It is historically verifiable that the secular/sacred distinction was originally posed by Christians to protect church order from state politics. This arose from the concern that the Church’s freedom to be the Church ought not be compromised by the machinations of temporal powers (i.e., that church polity not become a plaything of the state). This is a real danger, as history attests, and I don’t want to minimize it. But, I think that the solution of apportioning some matters for temporal purposes and others for spiritual ends gives rise to other problems that are characteristic of our era.

The secular/sacred sphere distinction that I am criticizing should not be confused with political dualism like that of the Middle Ages. For instance, in Pope Gelasius I's famous letter to Emperor Anastasius, Duo sunt, the Pontiff articulated a doctrine of different authorities: priest and king. This precept did not divorce the two into separate spheres of jurisdiction, but rather supported the idea that the emperor was answerable to the Church in the person of Peter's successor.

Pope Gelasius may or may not have held St. Augustine's views on the origin and purpose of the state. In his City of God, the great doctor argued that the state belongs to the fallen teleological order of the city of man. I argue that Augustine's view has led to the Lutheran total secularization of the state, and consequently, of society.

I can appreciate that the Church's unique place must be asserted over and against all other institutions. However, I think the secular/sacred distinction as a defense strategy has outlived its usefulness. A better way to keep church and state distinct is to simply define them as different institutions with different functions. What's wrong with that?

May not two institutions have complementary functions for the achievement of the same purpose? (i.e., the conversion, nurture, and discipleship of mankind)

The state is limited ethnically and geographically while the Church transcends such boundaries. The state is concerned with the coordination of resources and human activity to defend and maintain the commonwealth, while the Church is always acting prophetically/sacramentally to orient human society to the eternal reign of Christ. One of the state's functions is to enforce law and execute justice, while the Church brings Redempton to bear, sanctifying human society to the Kingdom of God.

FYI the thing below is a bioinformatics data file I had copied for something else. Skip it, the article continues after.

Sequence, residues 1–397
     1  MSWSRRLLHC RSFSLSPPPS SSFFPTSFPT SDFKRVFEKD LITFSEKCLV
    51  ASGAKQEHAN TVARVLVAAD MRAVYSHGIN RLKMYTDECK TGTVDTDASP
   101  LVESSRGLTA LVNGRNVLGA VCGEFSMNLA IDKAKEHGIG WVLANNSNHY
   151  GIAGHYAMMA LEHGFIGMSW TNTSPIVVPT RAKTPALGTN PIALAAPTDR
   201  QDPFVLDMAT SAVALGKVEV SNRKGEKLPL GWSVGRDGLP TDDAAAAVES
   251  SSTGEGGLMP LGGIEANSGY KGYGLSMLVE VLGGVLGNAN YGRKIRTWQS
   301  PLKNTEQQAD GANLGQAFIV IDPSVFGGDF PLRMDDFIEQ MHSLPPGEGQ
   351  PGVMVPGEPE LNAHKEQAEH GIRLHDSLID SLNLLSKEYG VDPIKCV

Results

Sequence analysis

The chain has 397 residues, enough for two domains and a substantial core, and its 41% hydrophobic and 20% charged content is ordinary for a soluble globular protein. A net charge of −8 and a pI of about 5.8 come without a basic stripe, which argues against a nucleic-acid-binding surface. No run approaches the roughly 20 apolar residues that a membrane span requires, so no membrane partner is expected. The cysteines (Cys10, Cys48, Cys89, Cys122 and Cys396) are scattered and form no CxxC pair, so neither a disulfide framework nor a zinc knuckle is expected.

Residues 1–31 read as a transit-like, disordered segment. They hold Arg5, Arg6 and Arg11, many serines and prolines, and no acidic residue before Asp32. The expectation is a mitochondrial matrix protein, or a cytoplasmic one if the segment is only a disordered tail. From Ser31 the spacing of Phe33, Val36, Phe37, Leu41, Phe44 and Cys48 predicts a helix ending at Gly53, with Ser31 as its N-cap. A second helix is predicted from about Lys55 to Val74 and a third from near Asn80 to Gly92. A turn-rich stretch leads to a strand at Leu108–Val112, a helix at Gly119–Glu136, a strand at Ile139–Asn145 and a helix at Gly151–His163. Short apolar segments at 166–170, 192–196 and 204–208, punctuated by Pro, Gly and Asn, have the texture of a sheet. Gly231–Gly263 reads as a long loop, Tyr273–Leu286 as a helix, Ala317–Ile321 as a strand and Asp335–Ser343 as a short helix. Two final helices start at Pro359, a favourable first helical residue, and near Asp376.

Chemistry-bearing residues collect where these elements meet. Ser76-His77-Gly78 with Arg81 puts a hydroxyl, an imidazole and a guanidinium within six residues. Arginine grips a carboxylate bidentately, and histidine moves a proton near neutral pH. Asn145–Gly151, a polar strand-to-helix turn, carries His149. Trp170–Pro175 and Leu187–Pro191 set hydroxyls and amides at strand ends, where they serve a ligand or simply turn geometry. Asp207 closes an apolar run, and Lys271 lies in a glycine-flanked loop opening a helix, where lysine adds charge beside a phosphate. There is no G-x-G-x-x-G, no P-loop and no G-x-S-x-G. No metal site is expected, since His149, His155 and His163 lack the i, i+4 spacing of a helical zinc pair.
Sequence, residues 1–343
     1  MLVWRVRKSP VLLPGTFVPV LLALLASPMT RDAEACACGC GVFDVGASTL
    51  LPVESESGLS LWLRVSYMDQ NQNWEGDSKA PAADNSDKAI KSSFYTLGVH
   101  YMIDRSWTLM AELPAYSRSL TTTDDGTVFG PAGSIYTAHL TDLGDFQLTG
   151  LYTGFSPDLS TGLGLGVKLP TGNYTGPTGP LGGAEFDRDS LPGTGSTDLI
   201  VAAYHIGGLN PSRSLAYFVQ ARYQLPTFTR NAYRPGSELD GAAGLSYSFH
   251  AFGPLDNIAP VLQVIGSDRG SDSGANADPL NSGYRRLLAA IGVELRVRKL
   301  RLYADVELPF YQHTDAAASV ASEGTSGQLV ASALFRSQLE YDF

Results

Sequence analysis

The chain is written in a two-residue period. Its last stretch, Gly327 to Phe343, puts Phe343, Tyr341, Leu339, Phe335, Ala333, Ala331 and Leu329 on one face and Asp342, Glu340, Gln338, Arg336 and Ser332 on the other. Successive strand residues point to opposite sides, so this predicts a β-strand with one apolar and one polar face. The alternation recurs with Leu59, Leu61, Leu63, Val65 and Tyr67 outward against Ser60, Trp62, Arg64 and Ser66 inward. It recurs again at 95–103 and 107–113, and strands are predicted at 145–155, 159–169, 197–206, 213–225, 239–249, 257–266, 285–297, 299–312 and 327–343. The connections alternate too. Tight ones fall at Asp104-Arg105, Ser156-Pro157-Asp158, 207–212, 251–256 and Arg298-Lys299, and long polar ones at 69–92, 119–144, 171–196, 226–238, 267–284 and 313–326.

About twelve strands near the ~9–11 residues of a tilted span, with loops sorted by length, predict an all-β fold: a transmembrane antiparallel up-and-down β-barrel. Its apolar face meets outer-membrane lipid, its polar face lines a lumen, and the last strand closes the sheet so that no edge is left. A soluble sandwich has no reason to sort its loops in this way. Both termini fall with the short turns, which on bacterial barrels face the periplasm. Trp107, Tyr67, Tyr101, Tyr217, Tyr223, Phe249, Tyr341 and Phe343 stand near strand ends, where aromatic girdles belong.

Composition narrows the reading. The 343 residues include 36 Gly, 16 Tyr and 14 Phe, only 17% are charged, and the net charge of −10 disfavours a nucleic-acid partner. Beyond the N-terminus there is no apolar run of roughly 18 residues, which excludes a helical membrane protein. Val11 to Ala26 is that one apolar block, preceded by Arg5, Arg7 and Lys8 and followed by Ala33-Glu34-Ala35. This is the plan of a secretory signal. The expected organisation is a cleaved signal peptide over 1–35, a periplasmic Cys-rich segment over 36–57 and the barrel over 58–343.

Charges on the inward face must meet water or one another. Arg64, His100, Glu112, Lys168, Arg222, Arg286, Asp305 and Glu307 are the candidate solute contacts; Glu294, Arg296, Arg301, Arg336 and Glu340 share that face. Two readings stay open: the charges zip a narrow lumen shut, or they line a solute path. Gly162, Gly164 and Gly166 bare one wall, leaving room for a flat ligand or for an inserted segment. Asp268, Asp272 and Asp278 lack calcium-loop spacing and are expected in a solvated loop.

If you prefer a holy/common distinction rather than a secular/sacred this will work as well.

I like this even less, because everything should be holy to the Lord. There is no part of life that should not be blessed and sanctified to serve holy purposes.

As the Prophet Zechariah says,

In that day “HOLINESS TO THE LORD” shall be engraved on the bells of the horses. The pots in the LORD’s house shall be like the bowls before the altar. Yes, every pot in Jerusalem and Judah shall be holiness to the LORD of hosts. Everyone who sacrifices shall come and take them and cook in them. In that day there shall no longer be a Canaanite in the house of the LORD of hosts. (14:20,21)

If we consider Zechariah's prophecy in light of St. Paul's teaching on the sanctification of marriage and households (1 Cor. 7:14), we will see that Zechariah was prophesying about the present Church Age, the New Covenant order. Jews and Gentiles are made one in Christ, unbeliving family members are sanctified, and animals once unclean are now clean (Acts 10:15). The world has been redeemed! There is nothing in principle that does not already belong to Christ and nothing now that may not be claimed as his.

Now I do agree, that the distinction of these things must not be a divorced. Cult gives rise to culture. A very important point.

This is an essential point, and it is ignorance of it that vitiates Meredith Kline's contributions. The living water that nourishes all things flows out of the throne of God.